LA Times Crossword 1 Nov 19, Friday

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Constructed by: Ed Sessa
Edited by: Rich Norris

Today’s Theme (according to Bill): A Little “Mad”

We have a mini-theme today, with two long answers at the center of the grid referring to “Mad” magazine:

  • 30A One on many covers since 1954 : ALFRED E NEUMAN
  • 17A 30-Across catchphrase : WHAT, ME WORRY?

Bill’s time: 10m 07s

Bill’s errors: 0

Today’s Wiki-est Amazonian Googlies

Across

1 Kia sedan : OPTIMA

The Kia Optima was sold for a while in Canada and Europe as the Kia Magentis.

7 Nincompoop : SAPHEAD

“Sap” is slang for “fool, someone easily scammed”. The term arose in the early 1800s in Britain when it was used in “saphead” and “sapskull”. All these words are derived from “sapwood”, which is the softwood found in tree trunks between the bark and the heartwood at the center.

14 Made dapper, with “up” : SPRUCED

Our verb “to spruce up” means “to make trim or neat”. The term comes from the adjective “spruce”, meaning “smart, neat”. In turn, the adjective comes from “spruce leather”, which was a Prussian leather that was used in England in the 15th and 16th centuries to make a popular style of jerkin that was widely considered to look quite smart.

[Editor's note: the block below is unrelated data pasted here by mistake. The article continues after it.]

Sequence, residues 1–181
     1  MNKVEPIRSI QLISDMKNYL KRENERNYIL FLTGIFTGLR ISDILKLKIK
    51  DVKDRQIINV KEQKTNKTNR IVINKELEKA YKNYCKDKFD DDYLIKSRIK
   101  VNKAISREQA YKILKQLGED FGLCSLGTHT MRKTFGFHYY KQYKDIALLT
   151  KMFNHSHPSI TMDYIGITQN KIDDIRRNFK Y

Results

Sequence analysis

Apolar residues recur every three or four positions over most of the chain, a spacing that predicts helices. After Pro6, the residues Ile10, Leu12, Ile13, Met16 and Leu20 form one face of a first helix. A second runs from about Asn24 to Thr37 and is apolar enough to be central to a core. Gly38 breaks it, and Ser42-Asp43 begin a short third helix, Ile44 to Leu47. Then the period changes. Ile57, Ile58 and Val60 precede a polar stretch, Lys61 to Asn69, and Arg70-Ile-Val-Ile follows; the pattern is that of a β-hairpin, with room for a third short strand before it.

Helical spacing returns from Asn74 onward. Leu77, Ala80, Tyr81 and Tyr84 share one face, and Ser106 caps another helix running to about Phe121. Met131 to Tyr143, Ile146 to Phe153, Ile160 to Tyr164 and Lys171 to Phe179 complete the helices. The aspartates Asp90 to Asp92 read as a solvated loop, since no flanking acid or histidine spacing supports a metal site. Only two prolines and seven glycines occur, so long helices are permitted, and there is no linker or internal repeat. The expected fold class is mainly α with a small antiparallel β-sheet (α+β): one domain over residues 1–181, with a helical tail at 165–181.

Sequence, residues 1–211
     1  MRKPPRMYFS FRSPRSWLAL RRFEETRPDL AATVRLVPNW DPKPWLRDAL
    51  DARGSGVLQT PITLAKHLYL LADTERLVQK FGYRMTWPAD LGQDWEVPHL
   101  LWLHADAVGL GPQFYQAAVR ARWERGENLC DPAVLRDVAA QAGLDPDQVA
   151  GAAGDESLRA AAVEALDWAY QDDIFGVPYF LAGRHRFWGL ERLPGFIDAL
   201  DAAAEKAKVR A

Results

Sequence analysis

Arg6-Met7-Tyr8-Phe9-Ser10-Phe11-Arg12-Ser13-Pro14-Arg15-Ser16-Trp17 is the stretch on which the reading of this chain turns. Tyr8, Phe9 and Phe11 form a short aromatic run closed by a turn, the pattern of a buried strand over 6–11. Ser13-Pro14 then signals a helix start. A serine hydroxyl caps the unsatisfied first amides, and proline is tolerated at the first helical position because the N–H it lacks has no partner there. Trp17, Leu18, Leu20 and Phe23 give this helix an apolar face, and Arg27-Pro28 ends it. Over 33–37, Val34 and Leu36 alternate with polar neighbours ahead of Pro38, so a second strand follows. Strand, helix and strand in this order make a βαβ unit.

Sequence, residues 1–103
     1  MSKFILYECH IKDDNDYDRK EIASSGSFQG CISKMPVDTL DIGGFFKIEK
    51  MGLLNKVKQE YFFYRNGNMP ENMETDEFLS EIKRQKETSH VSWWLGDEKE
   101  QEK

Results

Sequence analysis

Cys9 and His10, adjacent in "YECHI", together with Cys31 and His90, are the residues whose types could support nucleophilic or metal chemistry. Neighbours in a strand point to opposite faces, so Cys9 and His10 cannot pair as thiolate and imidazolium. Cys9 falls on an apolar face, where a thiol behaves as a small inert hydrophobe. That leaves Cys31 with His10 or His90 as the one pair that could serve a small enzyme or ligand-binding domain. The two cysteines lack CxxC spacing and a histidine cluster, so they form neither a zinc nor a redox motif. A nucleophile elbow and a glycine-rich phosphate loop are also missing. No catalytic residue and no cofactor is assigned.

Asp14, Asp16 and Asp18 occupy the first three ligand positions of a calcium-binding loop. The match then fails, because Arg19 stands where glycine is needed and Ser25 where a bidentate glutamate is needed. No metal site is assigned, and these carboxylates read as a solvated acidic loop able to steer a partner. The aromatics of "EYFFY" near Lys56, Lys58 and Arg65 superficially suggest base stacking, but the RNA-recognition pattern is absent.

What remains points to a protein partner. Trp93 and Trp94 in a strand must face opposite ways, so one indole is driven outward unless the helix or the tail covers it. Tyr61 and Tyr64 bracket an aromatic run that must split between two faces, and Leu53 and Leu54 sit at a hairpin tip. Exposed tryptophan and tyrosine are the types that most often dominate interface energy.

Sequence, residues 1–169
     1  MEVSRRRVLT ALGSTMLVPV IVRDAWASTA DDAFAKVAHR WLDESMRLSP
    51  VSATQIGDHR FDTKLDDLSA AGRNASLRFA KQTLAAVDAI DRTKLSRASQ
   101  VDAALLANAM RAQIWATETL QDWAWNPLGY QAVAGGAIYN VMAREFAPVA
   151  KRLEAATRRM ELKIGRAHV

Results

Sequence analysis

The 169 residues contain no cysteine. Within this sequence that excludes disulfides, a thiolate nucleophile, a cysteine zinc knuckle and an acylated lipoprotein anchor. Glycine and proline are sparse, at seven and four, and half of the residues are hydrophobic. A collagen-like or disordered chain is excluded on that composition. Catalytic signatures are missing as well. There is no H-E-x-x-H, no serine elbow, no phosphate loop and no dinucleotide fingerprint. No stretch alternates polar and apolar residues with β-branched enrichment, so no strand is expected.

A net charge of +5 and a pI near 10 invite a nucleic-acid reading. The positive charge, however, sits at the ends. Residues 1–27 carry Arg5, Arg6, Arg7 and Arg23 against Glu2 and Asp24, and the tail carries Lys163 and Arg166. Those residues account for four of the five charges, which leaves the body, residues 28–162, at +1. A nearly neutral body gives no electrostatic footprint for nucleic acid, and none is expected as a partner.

16 1957 title role for Michael Landon : TEENAGE WEREWOLF

“I Was a Teenage Werewolf” is a 1957 horror movie starring Michael Landon in the title role. The film was a breakthrough role for Landon, and two years later he landed the role of Little Joe on TV’s “Bonanza”.

Actor Michael Landon’s big break on TV came with his role as Little Joe Cartwright in the long-running Western show “Bonanza”. He continued his television success with leading roles in “Little House on the Prairie” and “Highway to Heaven”. One of Landon’s other claims to fame is that in 1954, he threw a javelin over 193 feet. That was the longest javelin throw by a high schooler that year.

20 Teammate of Babe : LOU

The New York Yankees baseball team of the late twenties had a particularly successful core group of batters. That line-up was nicknamed “Murderers’ Row”. The most famous “Murderers’ Row” played with the 1927 Yankees, and was made up of:

  • Earle Combs
  • Mark Koenig
  • Babe Ruth
  • Lou Gehrig
  • Bob Meusel
  • Tony Lazzeri

21 Lash with a bullwhip : LARUE

Alfred LaRue was an actor who appeared in a series of eleven western movies in the forties and fifties, playing the character Marshal Lash LaRue. He was very adept with the bullwhip, and so earned the nickname “Lash”. Years after his onscreen career ended, LaRue was the guy who trained Harrison Ford how to use a bullwhip for his role in the “Indiana Jones” series of films.

22 Like jawbreakers : HARD

Jawbreakers (also “gobstoppers”) are spherical, hard candy that usually consist of a number of layers that reveal themselves as the sweet dissolves in the mouth.